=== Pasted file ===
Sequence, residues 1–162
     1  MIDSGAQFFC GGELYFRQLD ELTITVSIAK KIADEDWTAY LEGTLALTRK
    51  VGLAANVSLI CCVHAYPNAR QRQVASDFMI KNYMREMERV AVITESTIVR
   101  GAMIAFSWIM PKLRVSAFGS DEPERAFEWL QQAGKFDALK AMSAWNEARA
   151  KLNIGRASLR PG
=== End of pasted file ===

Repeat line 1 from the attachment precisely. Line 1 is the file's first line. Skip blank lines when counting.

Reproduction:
Sequence, residues 1–162